China wants to censor all comments on social networks


The new changes affect the provisions relating to the management of Internet commenting services, a regulation that entered into force for the first time in 2017. Five years later, the Cyberspace Administration wants to bring it up to date.

“The proposed revisions primarily update the current version of the Comment Rules to align them with the language and policies of the most recent authorities, such as new privacy laws, data security and general regulations. content,” says Jeremy. Daum, senior fellow at the Paul Tsai China Center at Yale Law School.

The provisions cover many types of comments, including anything related to forum posts, replies, messages left on public bulletin boards, and “bullet talks” (an innovative way that video platforms in China use to display real-time comments on a video). All formats, including text, symbols, GIFs, images, audio, and video fall under this policy.

Autonomous regulations on comments are needed because their large number makes them difficult to censor as rigorously as other content, such as articles or videos, says Eric Liu, a former Weibo censor who is currently studying Chinese censorship at the China Digital Times.

“One thing everyone in the censorship industry knows is that no one pays attention to replies and bulleted discussions. They are moderated recklessly, with minimal effort,” Liu says.

But recently, there have been several embarrassing instances where comments under government Weibo accounts have gone rogue, pointing out government lies or dismissing the official narrative. This could be what prompted the update proposed by the regulator.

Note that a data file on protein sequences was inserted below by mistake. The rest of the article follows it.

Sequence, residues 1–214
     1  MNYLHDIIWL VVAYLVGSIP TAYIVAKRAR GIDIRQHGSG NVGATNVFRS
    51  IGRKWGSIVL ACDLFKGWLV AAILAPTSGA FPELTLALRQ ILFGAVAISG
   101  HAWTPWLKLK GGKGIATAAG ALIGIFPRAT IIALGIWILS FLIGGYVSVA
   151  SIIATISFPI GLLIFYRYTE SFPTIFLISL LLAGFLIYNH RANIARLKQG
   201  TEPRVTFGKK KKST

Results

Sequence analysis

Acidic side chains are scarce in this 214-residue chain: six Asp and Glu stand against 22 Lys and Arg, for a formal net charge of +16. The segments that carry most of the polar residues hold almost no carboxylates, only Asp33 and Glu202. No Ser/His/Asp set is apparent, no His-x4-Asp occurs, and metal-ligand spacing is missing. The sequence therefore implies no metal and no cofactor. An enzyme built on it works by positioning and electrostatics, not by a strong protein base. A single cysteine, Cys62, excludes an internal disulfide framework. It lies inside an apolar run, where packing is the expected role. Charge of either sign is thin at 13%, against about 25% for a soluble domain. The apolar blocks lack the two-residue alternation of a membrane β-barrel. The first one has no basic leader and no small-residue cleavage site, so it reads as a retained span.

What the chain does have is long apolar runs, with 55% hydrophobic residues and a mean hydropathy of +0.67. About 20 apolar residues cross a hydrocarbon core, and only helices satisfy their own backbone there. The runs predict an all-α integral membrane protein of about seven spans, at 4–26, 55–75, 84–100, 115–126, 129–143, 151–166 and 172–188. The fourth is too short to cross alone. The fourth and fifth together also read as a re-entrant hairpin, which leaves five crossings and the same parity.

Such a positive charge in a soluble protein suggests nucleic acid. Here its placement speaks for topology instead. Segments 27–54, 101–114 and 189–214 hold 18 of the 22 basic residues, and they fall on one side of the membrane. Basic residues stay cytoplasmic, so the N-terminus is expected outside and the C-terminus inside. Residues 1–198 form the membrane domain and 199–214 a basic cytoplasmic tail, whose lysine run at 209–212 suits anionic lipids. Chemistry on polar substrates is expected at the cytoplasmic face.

Chinese social platforms are currently at the forefront of censorship work, often actively deleting posts before the government and other users can even see them. ByteDance employs thousands of content reviewers, who make up the largest number of employees in the business. Other companies outsource the task to “censorship-for-hire” companies, including an owned by Chinese party spokesman People’s Daily. The platforms are often punished to let things go.

Beijing is constantly refining its control of social media, fixing loopholes and introducing new restrictions. But the vagueness of the latest revisions has people worried the government is ignoring the practical challenges. For example, if the new rule on mandatory pre-posting reviews is to be strictly enforced – which would require reading billions of public messages posted by Chinese users every day – this will force platforms to dramatically increase the number of people they employ to transport uncensored. The tricky question is that no one knows if the government intends to implement this immediately.


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